Never forget: The tragedy in Virginia Beach 1 year later

Virginia Beach Mass Shooting

VIRGINIA BEACH, Va. (WAVY) — One year ago today, the city of Virginia Beach experienced the worst act of violence that has ever happened in the city, and it permanently altered the fabric of the community.

A gunman stole the lives of 12 people and injured four others during a mass shooting in Virginia Beach, on May 31, 2019.

On the anniversary of the tragedy, Governor Northam has ordered the Capitol and all government facilities in the state to lower the Virginia flag to half staff from sunrise to sunset.

Family and friends of one of the victims Katherine Nixon — who worked as an engineer in the Public Utilities Department — held a parade Sunday in her honor.

Residents in Virginia have made special tributes to remember the victims and their families.

Mt. Trashmore made sure to not miss a moment to honor the 12 lives lost on that day with the unveiling of the giant Forget-Me-Not flower.

Congresswoman Elaine Luria also reflected on the lasting effects of the tragedy and the resilience of the Virginia Beach community.

“May 31 is a day that changed our Virginia Beach community forever. Together, we grieved for those who lost their lives in this senseless shooting, kept their memories and legacy alive, and worked together to rebuild from this tragedy,” said Congresswoman Luria. “As the days, weeks, and months go by, I continue to be inspired by the acts of heroism during the shooting and signs of resiliency our community has displayed since that day.”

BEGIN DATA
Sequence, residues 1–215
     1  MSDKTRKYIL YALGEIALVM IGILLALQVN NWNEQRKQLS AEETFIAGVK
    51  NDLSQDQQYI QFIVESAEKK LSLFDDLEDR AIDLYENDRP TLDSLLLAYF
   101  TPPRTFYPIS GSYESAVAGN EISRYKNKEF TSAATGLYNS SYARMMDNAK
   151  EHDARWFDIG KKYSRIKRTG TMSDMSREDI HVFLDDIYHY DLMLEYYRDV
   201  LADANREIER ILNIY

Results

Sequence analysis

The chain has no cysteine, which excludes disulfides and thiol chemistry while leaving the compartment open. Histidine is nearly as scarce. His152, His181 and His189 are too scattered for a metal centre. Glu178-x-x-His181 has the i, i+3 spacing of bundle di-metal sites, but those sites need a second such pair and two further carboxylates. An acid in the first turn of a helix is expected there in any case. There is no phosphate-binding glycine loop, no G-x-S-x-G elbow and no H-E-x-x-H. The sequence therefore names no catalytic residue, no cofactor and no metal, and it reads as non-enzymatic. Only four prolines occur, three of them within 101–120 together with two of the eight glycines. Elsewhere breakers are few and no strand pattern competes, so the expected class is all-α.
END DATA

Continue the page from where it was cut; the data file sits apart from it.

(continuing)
Mayor Bobby Dyer issued this proclamation that calls for the flag of the City of Virginia Beach to be flown at half-staff in all City buildings and on City grounds from May 29 through sunset on May 31, 2020 and that names Sunday, May 31, 2020 as Love For VB Day.

The city of Virginia Beach will be hosting a virtual memorial to honor the victims of the May 31st shooting. Memorial information can be found HERE.

Residents can participate through at-home activities in remembrance of the tragedy.

  • Wear Blue (the color of remembrance)
  • Plant Forget-Me-Not flowers
    • If you have a green thumb, plant some Forget-Me-Nots. They’re a perennial and will bloom year after year. In general, the meaning behind this flower is remembrance and love. We adapted it, creating our own version that includes elements representing the 17 victims and the community that surrounds them.
  • Window Displays
  • Leave your light on Sunday, May 31, (white or blue)
  • Social Media Frame:
    • There are Forget-Me-Not frames you can add to your Facebook profile picture.

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